Todd Solondz, 1998
#4, 1998 Skandies

Colin Marshall predicts: strongly dislike. Given your distaste for narrative indifference toward character amorality, I'd be surprised if you didn't detest this film — that's all it is.

Surprise! I kinda liked it. Which was a surprise to me too, since I hated Welcome to the Dollhouse.

As for my distaste for narrative indifference toward character amorality... well, let's take that in reverse order. First, amorality. It seems to me that there are at least half a dozen types of conduct that we need to distinguish among:

True amorality. That is to say, the character doesn't really give much thought as to whether her actions are good or bad. She may be aware that society criminalizes some of the behavior she's engaging in, but doesn't trouble her beautiful mind over why. The law is just an environmental factor, and the character knows she needs to avoid arrest the same way a scuba diver knows she needs to avoid drowning. Close enough not to deserve its own paragraph is effective amorality, in which the character may have thought about the morality of a crime and agrees intellectually that it's probably bad, but just doesn't care. (spoilers for Out of Sight)

Immorality. An immoral character has put in the thought that the amoral character hasn't. He knows that what he's doing is evil, that he's making people suffer... and considers it a big plus. He's the murderer who kills not for the insurance money or to dispose of a witness or anything like that but simply for the sheer joy of taking a human life. (spoilers for The Dark Knight)

Alternative morality. The character believes that she is behaving morally, and if society disagrees, then society is wrong. This category spans a range of behavior, from (spoilers for Kinsey) to (spoilers for Vera Drake) to (spoilers for Watchmen).

Sin. The character believes that he's behaving immorally. He does subscribe to the code that deems his actions evil. But either the temptation outweighs his feelings of guilt, or he's in the grip of an uncontrollable compulsion. I think you can throw in hypocrisy as a hybrid between sin and amorality; whereas a guilty sinner does condemn himself for his behavior, the hypocrite condemns others who engage in the same behavior but considers himself exempt.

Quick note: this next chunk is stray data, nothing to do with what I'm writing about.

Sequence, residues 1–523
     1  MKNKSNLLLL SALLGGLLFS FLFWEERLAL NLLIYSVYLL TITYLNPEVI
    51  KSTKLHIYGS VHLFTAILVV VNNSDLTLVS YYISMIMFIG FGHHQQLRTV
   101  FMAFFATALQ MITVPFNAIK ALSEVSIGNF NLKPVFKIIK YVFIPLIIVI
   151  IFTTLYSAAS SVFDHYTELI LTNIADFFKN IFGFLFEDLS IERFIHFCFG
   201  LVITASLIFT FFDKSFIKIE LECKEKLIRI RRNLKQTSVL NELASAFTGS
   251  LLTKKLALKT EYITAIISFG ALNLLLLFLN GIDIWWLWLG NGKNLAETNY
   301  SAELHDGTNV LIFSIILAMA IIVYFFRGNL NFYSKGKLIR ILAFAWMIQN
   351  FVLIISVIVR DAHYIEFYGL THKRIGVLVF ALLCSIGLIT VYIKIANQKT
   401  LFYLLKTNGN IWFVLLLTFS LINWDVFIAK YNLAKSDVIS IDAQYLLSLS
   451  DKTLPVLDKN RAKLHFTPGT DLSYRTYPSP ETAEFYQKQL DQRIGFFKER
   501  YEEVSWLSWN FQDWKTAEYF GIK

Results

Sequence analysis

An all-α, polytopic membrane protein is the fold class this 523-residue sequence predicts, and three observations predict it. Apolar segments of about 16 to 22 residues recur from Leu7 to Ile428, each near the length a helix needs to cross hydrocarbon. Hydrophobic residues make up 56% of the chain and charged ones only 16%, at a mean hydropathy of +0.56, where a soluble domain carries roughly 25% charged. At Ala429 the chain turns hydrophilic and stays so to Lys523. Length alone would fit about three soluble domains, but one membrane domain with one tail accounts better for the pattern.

So, yes, narrative indifference toward character amorality is a real turnoff for me. (spoilers for Out of Sight) But that's not what we're dealing with in Happiness (and the spoilers for Happiness begin here). Who in Happiness is amoral? Okay, sure, Vlad the thief is... but the film certainly isn't indifferent about it! When we see that he's stolen Joy's CD player and guitar we're supposed to think it's awful. In fact, that's the chief gimmick of the film: every action, every line of dialogue, seems to have been selected in response to the question, "All right, what's the most awful thing this character could say or do?" Sometimes this is played for comedy, sometimes for pathos, most often a bit of both — but in all cases, the humor and/or despair depends on precisely what indifferent films lack: the recognition of awfulness.

And Vlad is actually something of an exception! Sure, the film is full of people who say appallingly tactless things without seeming to realize that they're doing so, but most of the characters are sinners. They have at least an inchoate understanding that they are doing wrong, from minor offenders such as the the sister who dominates a lunch with self-regarding blather ("I'm just so tired of being admired all the time") and winds up convulsing on her bed, furious at her own emptiness ("I'm no good, I'm nothing, zero"); to the obscene phone caller who gets *69ed and, having purged his darker impulses for the moment with his last call, is overcome not just with shock at being discovered but with shame; to the genuine monsters such as the serial child rapist who confides to his wife in a strangled voice that "I'm sick." Wow! A glimmer of self-awareness? After the last few movies I'd almost forgotten what that was like.

It's true that Happiness treats the pederast as a human being who can't control his predatory urges rather than as some kind of incomprehensible alien creature, but it seems to me that to call that indifference or forgiveness is to fall into the same error that led the Bushies to equate an interest in understanding the root causes of terrorism with support for al-Qaeda. Don't get me wrong: I'm not crediting Happiness with any kind of insight into the root causes of the atrocities it presents. It's closer in spirit to those meditations on the banality of evil — you know, the SS officer has a lovely breakfast around the table with his loving wife and cherubic children, sends the Kinder off to school, chuckles at a light comedy show on the radio, then heads off to the concentration camp to shove human beings into ovens. To the extent that Happiness is about anything other than its own shock value (and I admit there's not much more to it, which is why my liking for it is tepid) it's about making the case that the Josef Fritzls and Chante Mallards of the world are not disconnected from the rest of humanity but represent one extreme on a continuum of behavior. Everyone has some sort of dark secret, from the elementary school principal with a desk drawer full of kiddie porn, to the church secretary embezzling hundreds of thousands of dollars from the account she administers, to the honor student who sticks chewing gum to the bottoms of desks. Why would I "strongly dislike" a film simply for pointing out this all too often unacknowledged truth?

Takeshi Kitano, 1997
#5, 1998 Skandies

Colin Marshall predicts: dislike. While it's my favorite movie ever, I imagine you'll give this one a "too slow, gave up."

Too slow, gave up.

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